Research projects

Our applied research is broad, inherently interdisciplinary and collaborative and provides a unique blend of methodological and substantive expertise.

Current projects

Other projects

  • Methodological advancements on the use of administrative data in official statistics, funded by the ESRC from February 2021 for 18 months. It carries out research to assess and improve the quality of administrative data in the UK national statistical system and to create statistical registers for producing statistical outputs.
  • Centre on Dynamics of Ethnicity (CoDE), concerned with understanding changing ethnic inequalities and identities.
  • International Centre for Lifecourse Studies (ICLS), identifying the pinch points in peoples' lives where targeted support can help us flourish.
  • National Centre for Research Methods (NCRM), focuses on delivering cutting-edge research methods training across the UK.
  • Q-Step at Manchester, offering courses and training to support future social science researchers.
  • UK Anonymisation Network (UKAN), providing information about anonymisation for people who handle personal data.
  • Evolutionary algorithms and data synthesis. This project is exploring the application of multi-objective optimization to develop novel data synthesis methods that optimise simultaneously the two conflicting criteria, data utility (to be maximised) and disclosure risk (to be minimised).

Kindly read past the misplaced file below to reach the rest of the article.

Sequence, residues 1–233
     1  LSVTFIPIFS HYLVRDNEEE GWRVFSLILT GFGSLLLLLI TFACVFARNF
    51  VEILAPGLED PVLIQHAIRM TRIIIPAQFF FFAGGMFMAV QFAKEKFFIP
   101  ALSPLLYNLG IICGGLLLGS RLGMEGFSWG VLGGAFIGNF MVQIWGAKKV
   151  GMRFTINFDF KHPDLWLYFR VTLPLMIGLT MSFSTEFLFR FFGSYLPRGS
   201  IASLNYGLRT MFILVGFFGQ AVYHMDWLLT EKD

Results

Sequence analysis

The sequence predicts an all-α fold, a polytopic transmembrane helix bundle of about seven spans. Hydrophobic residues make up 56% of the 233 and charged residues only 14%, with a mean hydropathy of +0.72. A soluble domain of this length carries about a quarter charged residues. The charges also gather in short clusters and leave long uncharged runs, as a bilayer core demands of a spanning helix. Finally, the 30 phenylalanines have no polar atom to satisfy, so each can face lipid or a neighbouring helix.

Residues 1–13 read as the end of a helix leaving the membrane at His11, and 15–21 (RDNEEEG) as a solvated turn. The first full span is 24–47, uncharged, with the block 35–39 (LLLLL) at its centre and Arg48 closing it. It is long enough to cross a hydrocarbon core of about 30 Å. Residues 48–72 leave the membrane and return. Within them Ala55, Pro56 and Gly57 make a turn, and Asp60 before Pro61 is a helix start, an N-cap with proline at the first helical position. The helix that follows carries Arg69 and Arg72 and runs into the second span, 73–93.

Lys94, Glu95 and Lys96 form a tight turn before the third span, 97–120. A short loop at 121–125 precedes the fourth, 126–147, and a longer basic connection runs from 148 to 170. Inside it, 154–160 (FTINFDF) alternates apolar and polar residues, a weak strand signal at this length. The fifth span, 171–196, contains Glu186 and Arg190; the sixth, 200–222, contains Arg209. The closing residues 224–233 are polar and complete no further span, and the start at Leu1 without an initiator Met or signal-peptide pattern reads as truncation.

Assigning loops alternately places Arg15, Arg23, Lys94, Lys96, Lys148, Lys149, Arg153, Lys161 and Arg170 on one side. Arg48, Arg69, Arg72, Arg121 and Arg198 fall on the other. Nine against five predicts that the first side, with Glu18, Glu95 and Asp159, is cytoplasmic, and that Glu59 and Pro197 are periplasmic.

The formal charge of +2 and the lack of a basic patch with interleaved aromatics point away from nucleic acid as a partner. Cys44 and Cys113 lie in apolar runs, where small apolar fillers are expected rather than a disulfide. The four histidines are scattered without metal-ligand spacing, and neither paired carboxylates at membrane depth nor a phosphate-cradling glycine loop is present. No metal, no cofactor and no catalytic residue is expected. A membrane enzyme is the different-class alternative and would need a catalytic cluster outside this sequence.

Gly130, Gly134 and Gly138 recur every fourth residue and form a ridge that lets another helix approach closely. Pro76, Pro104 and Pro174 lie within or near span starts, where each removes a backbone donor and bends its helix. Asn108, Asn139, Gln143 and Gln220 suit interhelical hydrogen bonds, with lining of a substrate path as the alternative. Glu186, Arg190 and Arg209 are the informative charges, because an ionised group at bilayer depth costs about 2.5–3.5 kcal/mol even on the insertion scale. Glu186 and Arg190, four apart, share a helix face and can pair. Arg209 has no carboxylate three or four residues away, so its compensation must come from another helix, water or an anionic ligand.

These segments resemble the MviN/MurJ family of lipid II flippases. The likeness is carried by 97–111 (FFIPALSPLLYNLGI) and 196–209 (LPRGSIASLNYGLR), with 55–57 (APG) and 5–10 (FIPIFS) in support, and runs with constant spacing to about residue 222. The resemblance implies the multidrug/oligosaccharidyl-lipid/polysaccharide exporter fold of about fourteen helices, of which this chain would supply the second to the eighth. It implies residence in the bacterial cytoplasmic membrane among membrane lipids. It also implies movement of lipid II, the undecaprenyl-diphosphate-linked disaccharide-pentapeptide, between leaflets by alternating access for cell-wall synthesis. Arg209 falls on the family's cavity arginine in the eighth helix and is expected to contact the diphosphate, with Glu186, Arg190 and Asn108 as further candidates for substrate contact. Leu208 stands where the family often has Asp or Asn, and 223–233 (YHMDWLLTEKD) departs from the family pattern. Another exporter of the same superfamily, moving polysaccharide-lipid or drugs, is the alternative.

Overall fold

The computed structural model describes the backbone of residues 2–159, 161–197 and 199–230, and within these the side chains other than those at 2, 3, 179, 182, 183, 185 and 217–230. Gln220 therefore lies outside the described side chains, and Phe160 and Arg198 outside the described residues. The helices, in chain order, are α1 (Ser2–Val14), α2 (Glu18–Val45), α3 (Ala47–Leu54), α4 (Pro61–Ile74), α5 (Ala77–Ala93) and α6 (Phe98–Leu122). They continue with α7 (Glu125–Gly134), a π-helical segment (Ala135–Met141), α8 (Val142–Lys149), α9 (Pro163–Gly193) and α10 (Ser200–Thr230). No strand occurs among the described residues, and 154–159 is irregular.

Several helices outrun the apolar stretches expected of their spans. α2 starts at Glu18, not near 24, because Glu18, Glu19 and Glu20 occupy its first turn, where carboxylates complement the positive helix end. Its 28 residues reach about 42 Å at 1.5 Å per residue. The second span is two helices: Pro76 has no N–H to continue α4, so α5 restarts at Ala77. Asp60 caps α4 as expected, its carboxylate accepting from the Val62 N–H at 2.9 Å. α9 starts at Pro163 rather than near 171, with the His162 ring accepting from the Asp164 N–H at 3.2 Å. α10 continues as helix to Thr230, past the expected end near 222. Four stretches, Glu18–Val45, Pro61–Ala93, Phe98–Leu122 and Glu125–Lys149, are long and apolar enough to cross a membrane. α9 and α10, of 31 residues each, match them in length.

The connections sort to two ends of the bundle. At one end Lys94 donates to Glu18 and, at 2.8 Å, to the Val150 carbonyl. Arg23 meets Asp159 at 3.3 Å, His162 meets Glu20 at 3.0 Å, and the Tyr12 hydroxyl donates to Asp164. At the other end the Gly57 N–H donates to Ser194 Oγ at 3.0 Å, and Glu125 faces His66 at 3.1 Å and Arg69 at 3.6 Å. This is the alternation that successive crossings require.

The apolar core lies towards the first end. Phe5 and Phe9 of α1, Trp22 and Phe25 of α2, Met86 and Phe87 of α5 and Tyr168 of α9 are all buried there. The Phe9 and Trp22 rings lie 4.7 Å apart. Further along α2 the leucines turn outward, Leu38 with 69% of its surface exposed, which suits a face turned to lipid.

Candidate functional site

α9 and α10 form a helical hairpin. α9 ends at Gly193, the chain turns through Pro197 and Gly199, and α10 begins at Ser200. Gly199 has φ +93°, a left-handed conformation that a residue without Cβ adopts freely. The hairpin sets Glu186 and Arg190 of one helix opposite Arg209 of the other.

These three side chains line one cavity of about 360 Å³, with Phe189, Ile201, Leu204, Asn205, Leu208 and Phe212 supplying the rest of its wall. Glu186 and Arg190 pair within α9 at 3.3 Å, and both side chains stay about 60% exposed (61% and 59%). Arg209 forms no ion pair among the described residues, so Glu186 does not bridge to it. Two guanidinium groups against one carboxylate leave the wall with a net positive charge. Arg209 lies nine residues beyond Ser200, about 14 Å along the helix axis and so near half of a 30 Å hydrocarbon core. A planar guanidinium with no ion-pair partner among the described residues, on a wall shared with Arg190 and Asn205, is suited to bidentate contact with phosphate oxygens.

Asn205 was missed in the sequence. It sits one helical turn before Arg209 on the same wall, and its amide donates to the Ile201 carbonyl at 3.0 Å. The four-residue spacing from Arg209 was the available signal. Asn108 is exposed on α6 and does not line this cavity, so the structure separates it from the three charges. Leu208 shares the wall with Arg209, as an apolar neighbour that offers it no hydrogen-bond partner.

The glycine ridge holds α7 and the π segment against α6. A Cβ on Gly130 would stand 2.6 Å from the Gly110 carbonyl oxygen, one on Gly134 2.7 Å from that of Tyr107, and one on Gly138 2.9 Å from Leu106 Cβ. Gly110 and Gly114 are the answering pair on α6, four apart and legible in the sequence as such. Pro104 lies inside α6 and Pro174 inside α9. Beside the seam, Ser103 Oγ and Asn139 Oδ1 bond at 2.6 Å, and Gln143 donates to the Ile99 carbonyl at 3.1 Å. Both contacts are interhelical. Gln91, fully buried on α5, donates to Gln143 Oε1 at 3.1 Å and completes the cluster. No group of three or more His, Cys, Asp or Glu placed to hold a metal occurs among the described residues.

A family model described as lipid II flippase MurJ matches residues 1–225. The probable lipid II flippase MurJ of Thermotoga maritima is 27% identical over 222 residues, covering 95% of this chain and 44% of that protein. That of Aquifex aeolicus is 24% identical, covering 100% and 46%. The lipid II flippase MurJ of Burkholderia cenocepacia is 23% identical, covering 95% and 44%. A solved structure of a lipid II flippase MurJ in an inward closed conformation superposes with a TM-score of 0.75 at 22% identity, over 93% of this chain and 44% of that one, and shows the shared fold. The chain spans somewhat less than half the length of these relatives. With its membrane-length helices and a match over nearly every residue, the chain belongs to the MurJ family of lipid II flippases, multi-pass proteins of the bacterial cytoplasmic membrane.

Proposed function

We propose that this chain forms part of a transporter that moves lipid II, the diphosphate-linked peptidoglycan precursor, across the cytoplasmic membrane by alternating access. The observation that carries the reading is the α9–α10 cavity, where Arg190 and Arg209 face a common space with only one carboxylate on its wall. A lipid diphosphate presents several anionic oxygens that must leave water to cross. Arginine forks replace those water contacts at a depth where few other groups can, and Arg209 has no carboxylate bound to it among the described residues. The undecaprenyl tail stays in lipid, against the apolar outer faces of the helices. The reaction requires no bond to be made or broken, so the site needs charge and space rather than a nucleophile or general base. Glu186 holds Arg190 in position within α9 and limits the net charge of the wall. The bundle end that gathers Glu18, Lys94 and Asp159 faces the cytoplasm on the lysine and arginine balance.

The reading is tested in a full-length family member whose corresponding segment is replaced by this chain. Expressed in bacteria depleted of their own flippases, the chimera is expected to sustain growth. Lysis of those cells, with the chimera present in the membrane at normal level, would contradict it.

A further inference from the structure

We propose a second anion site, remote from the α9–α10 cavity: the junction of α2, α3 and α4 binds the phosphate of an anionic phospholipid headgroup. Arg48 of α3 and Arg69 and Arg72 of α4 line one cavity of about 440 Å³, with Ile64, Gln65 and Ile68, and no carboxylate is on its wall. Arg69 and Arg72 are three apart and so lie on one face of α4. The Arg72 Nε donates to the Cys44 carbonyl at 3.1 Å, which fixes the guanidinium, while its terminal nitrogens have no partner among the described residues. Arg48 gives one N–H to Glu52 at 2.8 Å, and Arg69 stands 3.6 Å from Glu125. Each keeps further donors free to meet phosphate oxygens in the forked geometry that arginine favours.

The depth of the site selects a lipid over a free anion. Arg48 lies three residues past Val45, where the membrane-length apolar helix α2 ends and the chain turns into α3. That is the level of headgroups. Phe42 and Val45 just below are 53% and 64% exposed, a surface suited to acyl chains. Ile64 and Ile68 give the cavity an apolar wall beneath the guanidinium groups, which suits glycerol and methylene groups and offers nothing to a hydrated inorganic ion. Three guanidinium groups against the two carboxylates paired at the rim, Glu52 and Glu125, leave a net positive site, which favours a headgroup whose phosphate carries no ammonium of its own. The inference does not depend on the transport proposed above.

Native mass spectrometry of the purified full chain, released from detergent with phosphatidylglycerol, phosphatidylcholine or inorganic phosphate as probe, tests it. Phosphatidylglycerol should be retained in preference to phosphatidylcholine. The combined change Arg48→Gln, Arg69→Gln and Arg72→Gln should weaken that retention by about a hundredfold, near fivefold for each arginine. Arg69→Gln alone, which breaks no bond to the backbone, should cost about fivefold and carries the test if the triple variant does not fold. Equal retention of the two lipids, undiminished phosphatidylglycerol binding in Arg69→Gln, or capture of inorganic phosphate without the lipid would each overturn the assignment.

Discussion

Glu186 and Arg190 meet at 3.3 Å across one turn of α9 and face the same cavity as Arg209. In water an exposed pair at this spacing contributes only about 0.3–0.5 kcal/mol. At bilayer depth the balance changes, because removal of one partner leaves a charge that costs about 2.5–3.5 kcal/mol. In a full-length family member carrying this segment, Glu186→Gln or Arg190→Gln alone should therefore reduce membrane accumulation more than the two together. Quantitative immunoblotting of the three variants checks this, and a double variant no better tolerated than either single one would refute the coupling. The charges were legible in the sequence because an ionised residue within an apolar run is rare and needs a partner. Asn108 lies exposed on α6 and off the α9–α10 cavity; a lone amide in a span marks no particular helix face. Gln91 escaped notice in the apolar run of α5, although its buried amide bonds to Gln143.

• Does father involvement increase children's educational attainment at primary school? This study will provide the first empirical analysis that uses longitudinal data to analyse the relationship between fathers’ childcare involvement and their children’s primary school attainment in England.
  • Re-counting crime: New methods to improve the accuracy of estimates of crime (2020-2022, ESRC secondary data initiative). There is probably no other scientific endeavour more relevant to the field of Criminology than to count crime accurately. Crime estimates are central to policy. They are used to in the allocation of police resources, and more generally they are a central theme of political debate with apparent increases in crime serving as an indictment on existing law and order policies. Academics also make regular use of crime statistics in their work, both seeking to understand why some places and people are more prone to crime and using variations in crime to help explain other social outcomes. And of course, members of the public also refer to this information. For example, historic crime trends are now included on many house buying websites.